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The post Broker lawsuit targets UWM’s ultimatum appeared first on HousingWire.

Source: HousingWire Magazine

Appraisal modernization: What is going on with the forms?

Here it is: another article about appraisal modernization. Many are tired of hearing about how the appraisal industry needs to change and progress. But it’s true, and change is necessary. (Where would our Internet-provider world be if it hadn’t evolved beyond 9600 baud modems to gigabit fiber-optic service?)

The FHFA RFI responses to appraisal modernization are a treasure trove of insight into ideas and options for modernization from a wide variety of respondents. In many of those reviewed, there is a strong desire to keep appraisals and appraisers as key components of the mortgage lending process. A desire to see the collateral analysis and valuation process evolve, modernize, and move forward—whatever term you prefer. There are many good ideas for updating and modernizing that keep the appraiser involved, though the appraiser’s role may look different. Because Freddie and Fannie are such a large share of the market, their appraisal guidelines—forms and methods—become the de facto industry standards for residential mortgage lending.

Additionally, we’ve seen recent updates from Fannie and Freddie on their effort to redesign UAD and update the “forms.” The GSEs have been working to gather feedback on their proposed ideas and approach to appraisal reporting formats from various industry stakeholders for the past couple of years. The current notion is to adjust how an appraiser reports their value opinion with accompanying salient information—moving from a standardized form to a standard yet dynamic format that will adjust to the property’s characteristics being appraised. This approach would eliminate the need for property-specific forms and the need to cram multiple data points into a single field on a form, as we do with today’s UAD. These changes are beneficial from a simplicity and flexibility perspective. 

To paint an example of what this might look like, an appraisal form software provider would provide data input screens for the subject property address and certain property characteristics, such as single-unit or two-unit, owner-occupied or tenant-occupied, fee or leasehold ownership, and so forth. Based on these classifications, additional information would be input. For a single-unit home, HOA information or project amenities would not be needed. For a four-unit, the data fields included would expand to address information for all units, rental information and other building attributes important to multi-unit properties vs. single unit. When all required data input fields are completed, the data file is delivered to the lenders, same as it is today, and the data fields are formatted and presented in a manner that a “form” is printable or can be turned into a PDF so that the appraisal can be viewed.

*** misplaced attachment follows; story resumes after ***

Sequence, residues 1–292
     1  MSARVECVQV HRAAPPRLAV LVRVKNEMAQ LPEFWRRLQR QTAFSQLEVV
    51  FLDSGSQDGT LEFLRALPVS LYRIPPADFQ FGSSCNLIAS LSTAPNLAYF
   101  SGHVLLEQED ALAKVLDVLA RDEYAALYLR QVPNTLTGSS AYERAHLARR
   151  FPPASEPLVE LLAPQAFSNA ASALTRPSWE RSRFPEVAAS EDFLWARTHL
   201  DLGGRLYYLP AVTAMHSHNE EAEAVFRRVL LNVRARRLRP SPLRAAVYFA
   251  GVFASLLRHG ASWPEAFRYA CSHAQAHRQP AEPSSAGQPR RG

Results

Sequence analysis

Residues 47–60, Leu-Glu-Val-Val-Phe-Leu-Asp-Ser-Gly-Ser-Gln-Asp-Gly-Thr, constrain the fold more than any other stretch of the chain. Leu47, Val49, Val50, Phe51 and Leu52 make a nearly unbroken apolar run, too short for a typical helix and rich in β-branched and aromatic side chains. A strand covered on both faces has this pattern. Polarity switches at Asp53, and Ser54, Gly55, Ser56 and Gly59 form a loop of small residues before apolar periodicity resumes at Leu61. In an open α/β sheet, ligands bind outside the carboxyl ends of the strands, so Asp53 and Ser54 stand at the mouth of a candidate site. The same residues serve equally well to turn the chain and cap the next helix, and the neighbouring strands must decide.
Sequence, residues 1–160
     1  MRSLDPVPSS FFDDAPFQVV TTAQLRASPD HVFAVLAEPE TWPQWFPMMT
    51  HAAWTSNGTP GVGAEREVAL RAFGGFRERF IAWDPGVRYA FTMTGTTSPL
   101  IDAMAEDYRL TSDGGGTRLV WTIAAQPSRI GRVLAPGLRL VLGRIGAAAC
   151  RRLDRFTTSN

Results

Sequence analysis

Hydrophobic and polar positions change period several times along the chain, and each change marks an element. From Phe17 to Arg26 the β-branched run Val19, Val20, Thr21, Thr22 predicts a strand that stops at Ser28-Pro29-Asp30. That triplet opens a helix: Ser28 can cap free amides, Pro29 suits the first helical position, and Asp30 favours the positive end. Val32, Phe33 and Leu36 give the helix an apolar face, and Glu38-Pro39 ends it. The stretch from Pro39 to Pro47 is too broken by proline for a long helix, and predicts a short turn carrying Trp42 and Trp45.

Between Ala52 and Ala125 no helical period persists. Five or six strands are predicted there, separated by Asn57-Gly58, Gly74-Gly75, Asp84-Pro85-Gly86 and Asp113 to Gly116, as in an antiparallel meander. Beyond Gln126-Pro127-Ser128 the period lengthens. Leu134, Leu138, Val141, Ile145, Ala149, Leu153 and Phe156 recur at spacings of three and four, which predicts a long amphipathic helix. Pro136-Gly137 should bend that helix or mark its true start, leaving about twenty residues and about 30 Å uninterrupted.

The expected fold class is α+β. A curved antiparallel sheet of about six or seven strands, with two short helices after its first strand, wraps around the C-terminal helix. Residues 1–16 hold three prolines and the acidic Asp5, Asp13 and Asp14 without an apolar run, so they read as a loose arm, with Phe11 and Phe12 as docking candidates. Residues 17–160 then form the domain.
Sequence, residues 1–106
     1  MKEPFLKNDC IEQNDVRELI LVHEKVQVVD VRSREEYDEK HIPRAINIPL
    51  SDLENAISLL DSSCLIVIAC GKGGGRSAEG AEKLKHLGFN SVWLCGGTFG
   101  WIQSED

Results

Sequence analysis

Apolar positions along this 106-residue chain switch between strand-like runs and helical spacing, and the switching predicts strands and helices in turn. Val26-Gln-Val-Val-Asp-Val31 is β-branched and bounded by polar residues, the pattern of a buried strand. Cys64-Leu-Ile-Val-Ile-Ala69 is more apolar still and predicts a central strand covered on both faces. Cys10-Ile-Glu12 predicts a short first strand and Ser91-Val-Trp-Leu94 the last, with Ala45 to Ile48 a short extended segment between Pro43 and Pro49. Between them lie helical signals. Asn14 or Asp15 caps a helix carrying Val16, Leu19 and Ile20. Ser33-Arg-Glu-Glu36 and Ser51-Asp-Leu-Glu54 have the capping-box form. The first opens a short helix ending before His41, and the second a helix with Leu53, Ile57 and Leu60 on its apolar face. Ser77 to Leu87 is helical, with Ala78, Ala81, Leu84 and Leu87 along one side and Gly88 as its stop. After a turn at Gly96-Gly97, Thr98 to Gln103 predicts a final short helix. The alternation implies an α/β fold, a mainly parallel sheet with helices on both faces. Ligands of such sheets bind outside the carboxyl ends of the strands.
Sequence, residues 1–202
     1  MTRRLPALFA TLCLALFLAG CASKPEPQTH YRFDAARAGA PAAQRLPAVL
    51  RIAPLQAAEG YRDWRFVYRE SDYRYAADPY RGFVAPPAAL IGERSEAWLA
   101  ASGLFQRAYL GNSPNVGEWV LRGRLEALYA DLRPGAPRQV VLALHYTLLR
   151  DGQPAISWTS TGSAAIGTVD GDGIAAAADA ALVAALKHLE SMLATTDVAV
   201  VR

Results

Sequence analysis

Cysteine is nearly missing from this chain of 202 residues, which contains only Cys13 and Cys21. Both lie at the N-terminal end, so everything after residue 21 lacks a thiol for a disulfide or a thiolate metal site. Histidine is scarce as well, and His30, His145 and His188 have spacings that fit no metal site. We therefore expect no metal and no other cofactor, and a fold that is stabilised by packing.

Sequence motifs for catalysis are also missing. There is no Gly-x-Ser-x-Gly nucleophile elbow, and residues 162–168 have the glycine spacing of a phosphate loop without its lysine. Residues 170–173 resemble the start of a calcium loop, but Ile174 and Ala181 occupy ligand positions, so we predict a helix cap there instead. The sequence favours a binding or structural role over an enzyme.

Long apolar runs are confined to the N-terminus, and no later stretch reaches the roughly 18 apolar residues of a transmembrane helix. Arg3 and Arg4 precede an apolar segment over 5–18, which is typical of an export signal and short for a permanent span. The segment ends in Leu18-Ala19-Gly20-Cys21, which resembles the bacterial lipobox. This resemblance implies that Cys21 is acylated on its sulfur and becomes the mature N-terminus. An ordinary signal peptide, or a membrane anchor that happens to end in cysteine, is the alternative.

The GSEs are pushing out a timeline that indicates the design and planning for this new approach will be  completed this year. The industry begins the mammoth task of rebuilding its systems, technology, processes, and product to support this new approach in 2022/2023. The changes will impact just about everything and everyone in the collateral valuation space.

As this effort’s scale and breadth are coming into focus, many are asking FHFA and GSEs to clarify and justify the  associated costs. There are numerous comments in the FHFA RFI responses, from significant entities including the MBA and ABA, asking FHFA to provide more insight into the value of the proposed changes. There is some concern that the changes will be beneficial primarily to the GSEs, with the cost and impacts borne by the lenders with minimal direct benefit. Forms providers, collateral management technology providers, automated appraisal review tools, AMCs, lenders workflow systems, and loan origination systems, to name a few, will be impacted significantly; not to mention the people, training, and process changes that will also be needed. This change is akin to pulling all of the wiring and plumbing out of your house and replacing—no small task.

As this effort by the joint GSE group is still in process, there are no finalized requirements or new data standard to build to at this juncture. It is business as usual for at least another year, likely longer. So, at this point, exactly what this new world looks like is speculation. Additionally, we have yet to see if the FHFA provides any additional direction to the GSEs based on the extensive feedback collected in the RFI. 

No doubt, investment in modernization is needed in the appraisal process. A measured, incremental, iterative approach minimizing impacts to all stakeholders seems prudent. At CoreLogic, we remain closely involved with all participants in this process and stay ready to support the needs of our appraiser, lender, and AMC clients as they help consumers find, buy and protect their homes.

The post Appraisal modernization: What is going on with the forms? appeared first on HousingWire.

Source: HousingWire Magazine

Citi says Revlon accountability review found no need for clawbacks

Source: American Banker